Wednesday, March 14, 2012

No Man Should Fear the Rieper*: Reviewing "Sons of Cain" by Val Bianco

Sons of CainSons of Cain by Val Bianco

My rating: 3 of 5 stars

You're either going to love this thriller or hate it. It has a definite Catholic orientation (which is a turn-on for me, let's get that straight right now) and definitely hews to the conservative side of the political spectrum. So there's that.

Here's the book description:
An ancient group of twelve unspeakably powerful men are prepared to implement mass suicide in the United States. Already in control of the Congress and the Presidency, all that they lack is the Supreme Court. The only thing standing between these SONS OF CAIN and the lives of the Court is a small group of dedicated warriors. Wealthy ex SEAL, Nick Rieper, and his dozen, Knights of Longinus, may be the most deadly strike force alive. The have pledged their lives, their fortunes and their honor to battle international Satanism. Battle is joined as they engage the Cainites and their demon leader, Namon, in mortal combat. They stand alone as the only force alive with the knowledge, the skill and the faith to prevent a crime that will change America... forever.
Nick Rieper and his merry band of knights (don't laugh, these guys live as close to the knightly ideal as possible) must stop not only the humans trying to wreak havoc upon the U.S. government, but also deal with their demonic leader. This is slightly complicated by the fact that they must also protect those they care about, including a gorgeous journalist who is just beginning to live a life of faith and a priest who has a checkered past to say the least.

This is told in straight forward fashion with no frills, except for some explanatory sections which were a bit too long and drawn out for my taste. That aside, the book heads straight for an adventure steeped in good versus evil, with angels and demons doing their fair share on the appropriate side.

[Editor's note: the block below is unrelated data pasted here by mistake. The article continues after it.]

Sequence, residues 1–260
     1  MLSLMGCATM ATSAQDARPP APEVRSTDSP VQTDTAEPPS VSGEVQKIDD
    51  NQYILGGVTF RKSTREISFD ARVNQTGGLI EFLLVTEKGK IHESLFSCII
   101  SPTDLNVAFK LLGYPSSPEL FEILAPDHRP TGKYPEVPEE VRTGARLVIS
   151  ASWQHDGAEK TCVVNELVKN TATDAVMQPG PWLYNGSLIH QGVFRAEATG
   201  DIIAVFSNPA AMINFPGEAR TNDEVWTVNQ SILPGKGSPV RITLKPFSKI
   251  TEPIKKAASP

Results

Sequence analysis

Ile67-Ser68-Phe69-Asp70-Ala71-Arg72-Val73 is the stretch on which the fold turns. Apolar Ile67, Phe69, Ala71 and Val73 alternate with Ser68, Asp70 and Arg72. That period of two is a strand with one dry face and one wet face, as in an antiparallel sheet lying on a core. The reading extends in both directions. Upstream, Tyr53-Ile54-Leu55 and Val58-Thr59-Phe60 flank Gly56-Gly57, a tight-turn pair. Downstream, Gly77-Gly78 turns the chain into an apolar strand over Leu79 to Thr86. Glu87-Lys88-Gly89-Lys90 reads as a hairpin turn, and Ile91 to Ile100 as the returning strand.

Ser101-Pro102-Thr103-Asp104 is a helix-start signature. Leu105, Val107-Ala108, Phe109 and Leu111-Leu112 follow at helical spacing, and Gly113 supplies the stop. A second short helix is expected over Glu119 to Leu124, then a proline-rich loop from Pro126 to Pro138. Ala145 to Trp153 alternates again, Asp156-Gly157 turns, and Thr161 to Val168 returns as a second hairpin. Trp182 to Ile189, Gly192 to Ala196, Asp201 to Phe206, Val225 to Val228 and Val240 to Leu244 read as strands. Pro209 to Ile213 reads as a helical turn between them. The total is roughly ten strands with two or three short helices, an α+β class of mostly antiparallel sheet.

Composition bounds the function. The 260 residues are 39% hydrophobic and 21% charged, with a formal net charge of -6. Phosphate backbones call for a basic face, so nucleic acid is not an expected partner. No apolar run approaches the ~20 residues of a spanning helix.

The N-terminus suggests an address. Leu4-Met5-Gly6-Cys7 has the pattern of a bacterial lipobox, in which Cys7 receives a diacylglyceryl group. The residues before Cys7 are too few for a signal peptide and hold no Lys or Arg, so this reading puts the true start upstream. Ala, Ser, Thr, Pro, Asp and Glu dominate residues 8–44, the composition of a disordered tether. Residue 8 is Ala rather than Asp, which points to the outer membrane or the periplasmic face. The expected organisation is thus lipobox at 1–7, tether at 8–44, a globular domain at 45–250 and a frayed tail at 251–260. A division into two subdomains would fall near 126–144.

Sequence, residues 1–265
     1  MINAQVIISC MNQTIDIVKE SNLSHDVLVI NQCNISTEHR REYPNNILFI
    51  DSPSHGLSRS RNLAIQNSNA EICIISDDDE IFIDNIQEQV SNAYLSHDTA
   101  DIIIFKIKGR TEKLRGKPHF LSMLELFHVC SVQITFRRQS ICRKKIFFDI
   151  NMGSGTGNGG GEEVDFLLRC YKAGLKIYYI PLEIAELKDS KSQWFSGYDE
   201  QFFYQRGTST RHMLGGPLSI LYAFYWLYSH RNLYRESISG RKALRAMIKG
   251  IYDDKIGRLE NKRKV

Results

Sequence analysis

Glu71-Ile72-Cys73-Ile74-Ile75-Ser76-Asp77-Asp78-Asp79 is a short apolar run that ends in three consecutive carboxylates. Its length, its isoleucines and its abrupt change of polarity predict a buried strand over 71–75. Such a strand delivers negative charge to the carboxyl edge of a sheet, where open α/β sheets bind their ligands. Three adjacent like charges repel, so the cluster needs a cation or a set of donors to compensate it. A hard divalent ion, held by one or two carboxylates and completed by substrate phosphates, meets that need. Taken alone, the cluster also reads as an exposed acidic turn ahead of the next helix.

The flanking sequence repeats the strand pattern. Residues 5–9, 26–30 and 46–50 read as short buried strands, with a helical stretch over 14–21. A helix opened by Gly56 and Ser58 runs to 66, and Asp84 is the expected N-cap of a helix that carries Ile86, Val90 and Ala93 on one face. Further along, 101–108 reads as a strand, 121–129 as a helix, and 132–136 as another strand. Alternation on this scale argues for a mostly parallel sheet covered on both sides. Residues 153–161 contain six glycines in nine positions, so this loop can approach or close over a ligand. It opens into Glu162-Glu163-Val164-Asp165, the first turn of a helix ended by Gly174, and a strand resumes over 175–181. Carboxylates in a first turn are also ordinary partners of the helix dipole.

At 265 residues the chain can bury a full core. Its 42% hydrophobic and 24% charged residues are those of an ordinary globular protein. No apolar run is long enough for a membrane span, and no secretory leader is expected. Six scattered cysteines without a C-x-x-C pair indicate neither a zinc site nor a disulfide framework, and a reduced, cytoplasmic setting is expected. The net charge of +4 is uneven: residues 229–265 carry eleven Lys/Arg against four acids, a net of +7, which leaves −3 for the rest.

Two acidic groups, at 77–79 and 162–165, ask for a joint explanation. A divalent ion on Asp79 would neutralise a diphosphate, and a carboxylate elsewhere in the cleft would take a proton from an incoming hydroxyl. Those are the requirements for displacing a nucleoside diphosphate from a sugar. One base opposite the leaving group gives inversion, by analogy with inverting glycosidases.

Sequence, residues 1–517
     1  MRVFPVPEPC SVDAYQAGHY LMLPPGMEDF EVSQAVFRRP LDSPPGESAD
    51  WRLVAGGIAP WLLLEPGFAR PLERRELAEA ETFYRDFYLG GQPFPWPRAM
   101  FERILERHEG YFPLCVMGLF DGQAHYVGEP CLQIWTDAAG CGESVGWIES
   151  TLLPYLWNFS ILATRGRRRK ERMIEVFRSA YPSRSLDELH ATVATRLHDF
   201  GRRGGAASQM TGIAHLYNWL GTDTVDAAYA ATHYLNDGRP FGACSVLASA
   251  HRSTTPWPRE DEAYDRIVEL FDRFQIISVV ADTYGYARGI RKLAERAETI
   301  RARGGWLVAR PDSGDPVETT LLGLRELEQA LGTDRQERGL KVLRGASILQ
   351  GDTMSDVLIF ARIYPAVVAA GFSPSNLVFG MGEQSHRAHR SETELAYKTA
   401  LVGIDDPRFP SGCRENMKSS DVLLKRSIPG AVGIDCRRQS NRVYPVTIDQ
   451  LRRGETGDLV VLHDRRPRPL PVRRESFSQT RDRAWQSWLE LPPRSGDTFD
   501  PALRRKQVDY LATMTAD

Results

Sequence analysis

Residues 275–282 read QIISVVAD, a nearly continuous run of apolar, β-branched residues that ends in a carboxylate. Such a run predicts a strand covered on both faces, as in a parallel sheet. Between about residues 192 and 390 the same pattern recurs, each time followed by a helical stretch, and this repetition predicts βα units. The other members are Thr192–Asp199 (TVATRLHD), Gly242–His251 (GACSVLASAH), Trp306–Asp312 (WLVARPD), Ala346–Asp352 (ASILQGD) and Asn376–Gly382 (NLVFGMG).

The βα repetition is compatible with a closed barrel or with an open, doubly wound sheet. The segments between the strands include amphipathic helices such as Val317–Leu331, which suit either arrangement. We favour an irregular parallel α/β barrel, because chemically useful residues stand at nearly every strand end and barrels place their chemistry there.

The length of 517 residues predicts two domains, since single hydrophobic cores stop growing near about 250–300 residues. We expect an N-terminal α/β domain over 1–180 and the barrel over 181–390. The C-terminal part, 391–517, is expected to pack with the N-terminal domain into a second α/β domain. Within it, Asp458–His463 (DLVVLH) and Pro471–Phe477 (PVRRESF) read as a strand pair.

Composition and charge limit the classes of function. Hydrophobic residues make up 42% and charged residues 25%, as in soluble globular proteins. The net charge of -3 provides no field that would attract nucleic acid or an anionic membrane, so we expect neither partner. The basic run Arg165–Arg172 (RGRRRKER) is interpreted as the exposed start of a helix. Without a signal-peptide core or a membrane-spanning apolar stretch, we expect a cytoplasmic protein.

If you aren't Catholic then my guess is that you may not like the book because the good guys are steeped in it, can't shut up about it, don't mind stopping to press rosary beads into a dying woman's hand, and are quick to gather in prayer for someone in danger before it's time to race to the rescue. Did I mention they talk about it? A lot? Now, as I said before, that's a turn on for me, but your milage may vary. As for the rest, you'll have to read it. All I'm gonna say is we now have the ultimate conspiracy presented about what's been keeping America down in recent years.

On a personal note, it was a good reminder of the implacable hatred that demons bear to mankind. The book's opening which tells of Pope Leo's vision that led him to write the St. Michael prayer was extremely powerful, setting the tone for the story but also acting as a wake up for the reader. Evil does exist and we do well to remember it. It is easy to forget that face when in the daily routine. This book highlighted it for me in a powerful way.

The author provided my review copy but as several authors know, to their sorrow, if I don't like it then it don't matter who gave it to me. And vice versa.

(*My post title? An inside joke for those who have read the book.)

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